Institute: New Jersey
Year Established: 2017 Start Date: 2017-03-01 End Date: 2018-02-28
Total Federal Funds: $5,000 Total Non-Federal Funds: $10,000
Principal Investigators: Sarah Phelan, Nicole Fahrenfeld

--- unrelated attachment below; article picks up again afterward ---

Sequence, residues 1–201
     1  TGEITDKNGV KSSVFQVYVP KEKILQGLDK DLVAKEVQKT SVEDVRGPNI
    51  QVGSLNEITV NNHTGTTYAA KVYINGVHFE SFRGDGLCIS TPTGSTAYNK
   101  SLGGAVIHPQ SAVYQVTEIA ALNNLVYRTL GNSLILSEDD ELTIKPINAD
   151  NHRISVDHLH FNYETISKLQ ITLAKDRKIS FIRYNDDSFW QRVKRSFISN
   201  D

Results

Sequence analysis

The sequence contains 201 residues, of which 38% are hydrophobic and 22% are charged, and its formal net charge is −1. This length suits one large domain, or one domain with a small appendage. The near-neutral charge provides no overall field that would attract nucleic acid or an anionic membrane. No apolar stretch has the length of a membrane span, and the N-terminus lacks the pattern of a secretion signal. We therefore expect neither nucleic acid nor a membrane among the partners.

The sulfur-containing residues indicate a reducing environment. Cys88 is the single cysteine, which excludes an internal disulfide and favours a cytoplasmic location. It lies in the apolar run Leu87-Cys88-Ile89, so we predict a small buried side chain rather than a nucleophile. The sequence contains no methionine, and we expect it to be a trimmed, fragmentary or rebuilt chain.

Abstract: Identifying sources of fecal pollution in public waterways is critical both for the management and remediation of the sources and for evaluating public health risks. In mixed land use areas, the presence of multiple sources and varied management practices can make it difficult to determine the sources and volume of fecal pollution released into the environment. Microbial communities are a well-established indicator of fecal contaminant sources and microbe specific molecular markers have been used successfully in identifying human and animal fecal pollution in waterways. Existing methods of microbial source tracking have limitations that establish a clear need for additional exploration of available technologies. Amplicon sequencing is a technology that is a viable alternative option to current source tracking techniques, because of a relatively low cost and fast analysis. In this study, amplicon sequencing (emerging technique not fully adapted for source tracking) is applied for microbial source tracking of spiked samples as well as field samples of impacted surface water. Results will be plotted using principal component analysis to identify microbial community fingerprints associated with different fecal sources within the samples, and field sampling results will be compared to quantitative polymerase chain reaction (qPCR) results that are run concurrently on the same samples. The results will demonstrate amplicon sequencing as an effective fingerprinting method with great potential for future use in source tracking.